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Jamie founded Listverse due to an insatiable desire to share fascinating, obscure, and bizarre facts. He has been a guest speaker on numerous national radio and television stations and is a five time published author.More About Us
10 Insane Ways Companies Profited From Incompetence And Violence
Most of us are aware by now that corporations do some pretty crappy things. Things like poisoning an entire town, facilitating torture and slavery, or funneling money to Mexican drug cartels. Yet they often get away with it because they’re rich and provide an essential service.
Or do they? Look through the annals of corporate malfeasance, and you’ll find many tales of companies being rewarded for their incompetence. Companies that failed to deliver on any of their promises and still came out on top. Companies like these.
10 Thomas Cook Kills Two Children, Receives Massive Payout
In 2006, Neil Shepard and his new girlfriend took Neil’s kids Bobby and Christi on vacation to Corfu. The hotel they chose was part of the gigantic Thomas Cook network, a widely trusted company. The hotel was also improperly maintained. On the third night of their visit, a carbon monoxide leak killed Bobby and Christi.
In the inquest that followed nine years later, the jury gave a verdict of “unlawful killing” and said Thomas Cook had breached their duty of care. The coroner said the company should “hang its head in shame.” He had no idea how truthful he was being. It was later revealed Thomas Cook had received more compensation for the accident than the dead children’s parents.
As a result of Bobby and Christi’s deaths, Thomas Cook reportedly received a £3.5 million payout to cover trial costs, 10 times what Neil Shepard and his ex-wife received. They also refused to apologize at the inquest, even claiming they’d written a separate letter of apology to Bobby and Christi’s parents. According to Neil Shepard, no such letter had ever been received.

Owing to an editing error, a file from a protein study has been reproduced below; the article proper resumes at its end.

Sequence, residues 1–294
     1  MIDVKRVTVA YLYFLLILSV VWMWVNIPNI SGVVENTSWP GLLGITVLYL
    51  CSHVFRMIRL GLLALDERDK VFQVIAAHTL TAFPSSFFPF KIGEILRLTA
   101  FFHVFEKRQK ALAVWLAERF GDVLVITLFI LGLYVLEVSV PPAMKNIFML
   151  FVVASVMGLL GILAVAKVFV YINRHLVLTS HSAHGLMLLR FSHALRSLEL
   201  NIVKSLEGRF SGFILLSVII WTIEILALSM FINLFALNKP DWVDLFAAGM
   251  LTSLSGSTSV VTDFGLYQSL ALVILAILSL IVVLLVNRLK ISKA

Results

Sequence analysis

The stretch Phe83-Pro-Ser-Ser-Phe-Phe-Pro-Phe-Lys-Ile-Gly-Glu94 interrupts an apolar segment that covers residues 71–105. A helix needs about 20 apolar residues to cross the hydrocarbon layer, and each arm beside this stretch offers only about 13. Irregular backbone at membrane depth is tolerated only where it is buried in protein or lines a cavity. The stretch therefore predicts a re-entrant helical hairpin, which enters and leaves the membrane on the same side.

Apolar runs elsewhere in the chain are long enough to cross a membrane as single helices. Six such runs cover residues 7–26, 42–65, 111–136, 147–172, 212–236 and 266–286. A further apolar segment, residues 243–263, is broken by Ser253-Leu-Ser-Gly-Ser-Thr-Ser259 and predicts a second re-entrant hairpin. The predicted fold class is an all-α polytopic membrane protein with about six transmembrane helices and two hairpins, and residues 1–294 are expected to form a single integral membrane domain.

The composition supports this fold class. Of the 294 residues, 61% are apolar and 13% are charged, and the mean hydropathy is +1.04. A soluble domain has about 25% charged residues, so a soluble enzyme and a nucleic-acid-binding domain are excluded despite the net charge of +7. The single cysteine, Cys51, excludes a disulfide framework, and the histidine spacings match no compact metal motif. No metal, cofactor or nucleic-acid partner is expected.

As an added kick in the teeth, Thomas Cook refused to accept any responsibility, or offer either parent a penny of that £3.5 million. Instead, they claimed they were within their rights to seek compensation, giving you a good idea of exactly what value they place on children’s lives.
9 Aggregate Industries Defrauds Massachusetts, Gets Lucrative Contract
In 1991, Boston began a $22 billion mega-project known as the “Big Dig.” Designed to reroute Interstate 93 under the city center, it was one of the most ambitious construction challenges in Massachusetts history. It also made a lot of companies a lot of money, chief among them Aggregate Industries. In 2006, it emerged that Aggregate had knowingly provided substandard concrete and falsified records to defraud the government. Six people were arrested, and Aggregate was never employed in Massachusetts again.
Whoops, our mistake. We meant they immediately hoovered up the next big government contract to come along, totaling $8.9 million. As part of the Obama administration’s stimulus program, Massachusetts’s Highway Division farmed out multimillion-dollar contracts for improving the state’s roads. One of the biggest winners from the project was Aggregate Industries, which pocketed two extremely lucrative contracts less than 24 months after the discovery that it had defrauded the people of Boston.
Depressingly, they weren’t the only ones. The New England Center for Investigative Reporting found that over half the companies to get money under the scheme had a history of misconduct.
8 G4S Bungles A Government Contract, Immediately Gets Another